Knowing what went wrong will be the first step toward getting your workers comp claim handled. Once you know why your claim was denied, you can file an appeal, which a lawyer from the Pothitakis Law Firm, PC can help you with. When you’re injured in a work accident, having legal help on your side to get the workers comp you need will make a difference.
Our Iowa workers compensation attorney can represent you and work on your case. It’s easy to make a mistake when you don’t know Iowa work comp law. A lawyer from our firm, however, can guide you through the process and help you get your denial appealed.
The Work Comp Appeals Process
When you appeal your denial, it’s best to turn to your employer and the insurance company first. Work comp cases can often be handled before they need to go any farther, and your work comp lawyer can negotiate on your behalf. If the insurer or your employer won’t listen, however, further measures can be taken.
If your employer doesn’t listen, a contested-case procedure can be opened with the Workers Compensation Commissioner. Since the commissioner oversees workers comp laws in Iowa and ensures that they’re being followed, you’ll bring your case to them first. You and your Iowa lawyer will present your case, and the commissioner will make a judgment on your denial.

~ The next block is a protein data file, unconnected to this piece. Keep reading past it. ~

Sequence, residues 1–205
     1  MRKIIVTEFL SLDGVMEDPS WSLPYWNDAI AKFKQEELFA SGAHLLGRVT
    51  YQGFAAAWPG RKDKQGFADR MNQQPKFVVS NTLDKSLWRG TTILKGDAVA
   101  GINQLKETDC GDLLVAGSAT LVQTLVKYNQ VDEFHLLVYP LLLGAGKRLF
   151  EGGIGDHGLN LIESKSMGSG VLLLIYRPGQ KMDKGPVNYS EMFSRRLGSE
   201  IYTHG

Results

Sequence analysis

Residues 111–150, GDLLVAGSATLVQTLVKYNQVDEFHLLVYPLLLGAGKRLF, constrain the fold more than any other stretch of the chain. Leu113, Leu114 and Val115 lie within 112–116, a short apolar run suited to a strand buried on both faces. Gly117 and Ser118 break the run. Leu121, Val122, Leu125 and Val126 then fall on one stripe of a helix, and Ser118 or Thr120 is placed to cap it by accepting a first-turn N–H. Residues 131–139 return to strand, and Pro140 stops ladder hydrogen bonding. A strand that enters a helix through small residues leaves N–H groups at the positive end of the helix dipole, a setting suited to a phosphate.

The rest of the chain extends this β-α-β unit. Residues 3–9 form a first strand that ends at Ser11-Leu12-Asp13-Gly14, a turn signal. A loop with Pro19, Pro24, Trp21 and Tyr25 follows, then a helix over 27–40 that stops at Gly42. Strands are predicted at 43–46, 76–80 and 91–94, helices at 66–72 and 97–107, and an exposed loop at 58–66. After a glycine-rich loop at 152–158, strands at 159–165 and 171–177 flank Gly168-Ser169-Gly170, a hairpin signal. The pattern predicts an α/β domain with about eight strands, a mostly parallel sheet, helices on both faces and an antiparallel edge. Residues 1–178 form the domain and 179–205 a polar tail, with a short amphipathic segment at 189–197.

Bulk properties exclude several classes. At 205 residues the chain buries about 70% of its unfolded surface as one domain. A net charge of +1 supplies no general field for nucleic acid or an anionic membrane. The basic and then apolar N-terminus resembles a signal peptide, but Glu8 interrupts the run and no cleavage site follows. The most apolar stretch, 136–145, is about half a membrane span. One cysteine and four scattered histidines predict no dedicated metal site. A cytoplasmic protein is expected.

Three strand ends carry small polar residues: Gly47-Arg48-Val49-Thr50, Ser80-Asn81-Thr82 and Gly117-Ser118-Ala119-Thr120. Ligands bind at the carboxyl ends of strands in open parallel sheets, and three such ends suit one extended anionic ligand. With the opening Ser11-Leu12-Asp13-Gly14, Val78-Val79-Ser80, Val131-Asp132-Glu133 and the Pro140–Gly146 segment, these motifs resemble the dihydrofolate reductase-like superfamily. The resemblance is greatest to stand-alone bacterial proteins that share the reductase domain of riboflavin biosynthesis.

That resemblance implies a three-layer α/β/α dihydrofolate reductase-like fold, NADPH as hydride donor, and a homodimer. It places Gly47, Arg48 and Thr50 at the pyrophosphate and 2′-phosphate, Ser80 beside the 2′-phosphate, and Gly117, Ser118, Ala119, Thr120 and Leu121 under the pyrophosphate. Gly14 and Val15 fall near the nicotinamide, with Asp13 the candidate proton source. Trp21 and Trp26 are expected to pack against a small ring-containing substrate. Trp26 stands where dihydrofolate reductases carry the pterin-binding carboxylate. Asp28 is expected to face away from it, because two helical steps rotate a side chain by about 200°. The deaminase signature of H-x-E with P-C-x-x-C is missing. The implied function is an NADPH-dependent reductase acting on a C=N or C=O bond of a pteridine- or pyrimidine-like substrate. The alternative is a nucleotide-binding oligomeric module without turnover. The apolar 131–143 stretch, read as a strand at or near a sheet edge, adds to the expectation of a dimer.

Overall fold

It’s important to make sure you have all the evidence you need before beginning the proceedings with the commissioner. Make sure you’ve visited your doctor, spoken to any witnesses, and haven’t missed any important deadlines.
After an appeal with the commissioner, many people receive a work comp claim approval and begin receiving their benefits. Many denials come down to a mistake or a lack of evidence, which can sometimes be quickly remedied. If your workers compensation case is still denied, don’t worry. The Pothitakis Law Firm, PC can review your case and prepare your future appeal. We’re here to help you get the benefits you deserve.
Reach Out to an Iowa Workers Compensation Lawyer
For most of us, the last thing we want to do after a serious injury is fight. You probably want to rest, let your work-related injury or illness heal, and spend less time worrying about your income. Unfortunately, that’s tough when you’ve received a claim denial.
At the Pothitakis Law Firm, PC, we know how difficult an Iowa workers comp denial can be. You need that money to get through this tough time in your life, and when that’s kept from you, it’s hard to overcome. But, you don’t have to appeal your case alone. Our workman’s comp lawyer is here to help you get through this.
If you’re struggling with your work injury case, call us for a free consultation. We know that money is tight when you’re injured and unable to work. That’s why we want to make it as easy as possible to get the settlement you deserve. Our law firm will talk to you before you ever sign anything about your case, so you know that we can help you.